By working as a peer-coach for college students with ADD, ADHD, and LD, the author was posed questions from students pertaining to executive functioning. Questions such as “When do I learn how to take notes?”, “How do I know what is important when I read?”, “How do you figure out what the teacher is really trying to say?”, “How am I supposed to remember all this information I don’t care about?”. The present executive functioning training sessions were an answer to these questions

The 6-week, on-campus intervention sessions provide opportunities for students to not only learn strategies in the five areas of cognition, but to practice implementation techniques on their real-time course work. Using small group activities with course syllabi, summer textbooks, previous and current assignment instructions, mock lectures, and previous assignment attempts allow participants to evaluate their attention, memory, sequencing, problem solving, and executive functioning skills.  The Learning and Study Strategies Inventory (LASSI) is administered before and after the intervention to see if participants’ perception of their learning habits has changed. A self-efficacy scale will also be given before and after to see if individuals perceive a change after practice with given strategies for academic success. Sessions are structured to discuss how each topic impacts learning, highlight 2 -3 skills to compensate and accommodate for their deficits, practice as a group on a general topic, then practice individual with guided practice on current coursework. Each session ends with a review of how they plan to implement the skills and techniques in their current practice, what obstacles might keep them from doing so, and how they are doing with what they have learned so far.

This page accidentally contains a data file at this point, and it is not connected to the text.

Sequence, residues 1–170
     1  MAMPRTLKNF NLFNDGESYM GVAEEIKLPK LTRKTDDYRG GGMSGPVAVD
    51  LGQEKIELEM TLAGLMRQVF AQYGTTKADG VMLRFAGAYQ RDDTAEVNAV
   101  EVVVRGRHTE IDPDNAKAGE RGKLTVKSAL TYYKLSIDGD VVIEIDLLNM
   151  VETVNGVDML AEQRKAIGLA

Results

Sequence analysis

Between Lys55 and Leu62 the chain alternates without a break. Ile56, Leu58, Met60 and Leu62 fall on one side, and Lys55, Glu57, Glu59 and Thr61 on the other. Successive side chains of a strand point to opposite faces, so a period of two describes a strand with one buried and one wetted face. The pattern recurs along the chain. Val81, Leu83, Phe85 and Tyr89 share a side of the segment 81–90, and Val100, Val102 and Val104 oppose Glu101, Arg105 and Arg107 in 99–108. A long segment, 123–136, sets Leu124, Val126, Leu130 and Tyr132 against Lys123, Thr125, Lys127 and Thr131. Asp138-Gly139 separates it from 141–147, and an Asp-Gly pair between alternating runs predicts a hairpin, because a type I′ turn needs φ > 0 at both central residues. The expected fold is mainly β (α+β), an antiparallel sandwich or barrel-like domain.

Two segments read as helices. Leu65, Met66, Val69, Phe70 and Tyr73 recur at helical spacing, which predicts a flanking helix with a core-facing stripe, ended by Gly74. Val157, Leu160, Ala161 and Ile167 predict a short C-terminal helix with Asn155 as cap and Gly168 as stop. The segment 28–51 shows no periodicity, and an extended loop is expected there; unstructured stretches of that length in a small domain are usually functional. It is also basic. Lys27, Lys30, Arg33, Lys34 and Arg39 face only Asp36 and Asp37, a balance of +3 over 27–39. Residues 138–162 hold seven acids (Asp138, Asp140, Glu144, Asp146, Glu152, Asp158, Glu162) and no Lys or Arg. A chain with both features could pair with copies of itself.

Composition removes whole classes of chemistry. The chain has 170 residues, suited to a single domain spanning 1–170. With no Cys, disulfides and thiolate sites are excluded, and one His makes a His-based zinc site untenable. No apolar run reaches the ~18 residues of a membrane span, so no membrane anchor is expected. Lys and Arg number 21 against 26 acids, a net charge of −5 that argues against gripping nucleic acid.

SLP graduate students have the opportunity to act as peer-coaches for students, experience a group therapy model, and obtain adult cognitive hours for graduate school. While the sessions are excellent opportunities for graduate students, practicing SLPs will benefit from knowledge on how to execute similar training groups because this is an underserved population. Many college students may not seek the help of an SLP because they are unaware of our unique ability to help them academically by improving their cognitive performance. By calling them “training sessions” rather than speech therapy, students are more receptive to the free opportunity on-campus, and may seek more professional help if a 6-week intervention is not enough. The more individuals become aware of how speech-language pathologists can improve their quality of life and skill sets, the bigger the impact our profession can have on communities, states, and the nation.


  1. Allsopp, D. H., Minskoff, E, H., and Bolt, J. (2005). Individualized course-specific strategy instruction for college students with learning disabilities and ADHD: lessons learned from a model demonstration project [Electronic version]. Learning Disabilities Research & Practice, 20(2), 103-118.
  2. American Speech-Language Hearing Association (2007) Scope of Practice in Speech-Language Pathology [Scope of Practice]. Available from